China is ready to open new economic areas and provide more conveniences to lure foreign talent and investment in the latest bid to build a market-oriented and law-based business environment which aligns to high-standard international trade agreements.
The State Council has selected six of China’s economically developed cities – Beijing, Shanghai, Guangzhou, Shenzhen, Hangzhou and Chongqing – to take part in a pilot programme, according to a circular released on Thursday.
The six cities already have a heavy presence of foreign business and residents, and are at the forefront of China’s business environment.
The move comes as the world’s second largest economy is trying hard to fight potential decoupling, supply chain disruptions caused by the coronavirus and the continued attempts at technological containment by Western countries.
Headlines suggest that they address some of our major concerns, but implementation is key, and that is where China fell short over the last decade
“Headlines suggest that they address some of our major concerns, but implementation is key, and that is where China fell short over the last decade,” said Joerg Wuttke, president of the European Union Chamber of Commerce in China.
Compared to previous preferential policies, tax breaks and market access, China’s cabinet has pledged to optimise its service for both investors and international talent.
It plans to build a one-stop resolution centre for foreign-related commercial disputes in pilot cities and also provide efficient and convenient channels for international commercial dispute resolution after previous disputes were handled in Hong Kong.
The authorities will also revamp government portal websites to allow expatriates to better understand China’s investment, work and living information, while integrating foreign-related approvals into one website.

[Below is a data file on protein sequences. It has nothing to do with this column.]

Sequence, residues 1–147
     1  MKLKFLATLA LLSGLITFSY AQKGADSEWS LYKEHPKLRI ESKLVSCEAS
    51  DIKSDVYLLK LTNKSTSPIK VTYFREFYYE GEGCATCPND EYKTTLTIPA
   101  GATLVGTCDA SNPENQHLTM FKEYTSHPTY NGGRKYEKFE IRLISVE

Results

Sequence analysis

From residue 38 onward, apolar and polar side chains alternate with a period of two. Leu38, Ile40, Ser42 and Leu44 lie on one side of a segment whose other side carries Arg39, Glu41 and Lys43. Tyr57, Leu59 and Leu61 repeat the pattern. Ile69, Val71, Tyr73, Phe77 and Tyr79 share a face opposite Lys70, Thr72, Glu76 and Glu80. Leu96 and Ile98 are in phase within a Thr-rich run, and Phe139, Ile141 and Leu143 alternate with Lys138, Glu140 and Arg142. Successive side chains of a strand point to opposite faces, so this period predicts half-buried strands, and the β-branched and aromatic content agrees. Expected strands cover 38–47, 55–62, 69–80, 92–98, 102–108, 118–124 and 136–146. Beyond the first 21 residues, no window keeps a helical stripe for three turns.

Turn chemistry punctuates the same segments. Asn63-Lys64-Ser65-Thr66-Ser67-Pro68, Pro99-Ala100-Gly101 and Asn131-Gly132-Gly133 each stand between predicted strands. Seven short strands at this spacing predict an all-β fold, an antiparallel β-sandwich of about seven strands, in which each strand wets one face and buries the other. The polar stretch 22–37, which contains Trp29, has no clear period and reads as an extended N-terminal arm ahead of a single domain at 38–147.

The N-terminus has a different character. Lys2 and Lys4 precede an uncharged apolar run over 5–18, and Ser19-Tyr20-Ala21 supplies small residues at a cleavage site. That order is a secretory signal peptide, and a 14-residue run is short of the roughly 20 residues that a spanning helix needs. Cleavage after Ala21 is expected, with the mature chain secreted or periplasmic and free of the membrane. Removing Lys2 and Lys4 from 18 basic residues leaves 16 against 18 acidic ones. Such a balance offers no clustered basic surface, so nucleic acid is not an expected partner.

Local authorities are also being encouraged to introduce more foreign talent, according to their needs and criteria.
On the surface, China remains a magnet for investment given its rapid handling of the coronavirus pandemic, wider market access and its large consumer market and China’s utilised foreign direct investment rose by 23.4 per cent from a year earlier to US$142 billion in the first 10 months of the year.
However, it still faces constant challenges, including the risk of decoupling amid strategic competition with the United States, denial of access to Western technologies and trade blocks dominated by Western countries.
One of Beijing’s tactics is to push forward higher-level opening-up, with its applications recently submitted to join the Comprehensive and Progressive Agreement for Trans-Pacific Partnership and Digital Economy Partnership Agreement.
On Tuesday, Vice-Premier Liu He said opening-up should concentrate on integration with international rules, while encouraging the introduction of hi-tech direct investment from developed economies.
Beijing has already shown the intention to open its professional services wider and allow private and foreign businesses into new areas.
According to the State Council, China will also explore building a recognition list for international vocational qualification certificates once they are not directly related to public safety and people’s lives and health and their risks are controllable.
The State Council specifically mentioned the use of high-definition maps in smart cars, the exploration of blockchain technologies in public service, logistics and accounting as well as the pricing and trading mechanism concerning intellectual property rights.
The business environment, which is often measured with a variety of parameters, has been high on the agenda of Premier Li Keqiang in recent years and has become a key gauge for local government performance.
The National Economic Research Institute, a Beijing-based think tank that compiles a business environment index, found China’s rating in the past 15 years has improved with the index rising by more than 0.6 points in the period to 3.63 in 2019.
However, the 0.07-point improvement in 2017-2019 was significantly smaller than 0.51 points in the previous four years, it said, calling for more reforms.Internet Explorer Channel Network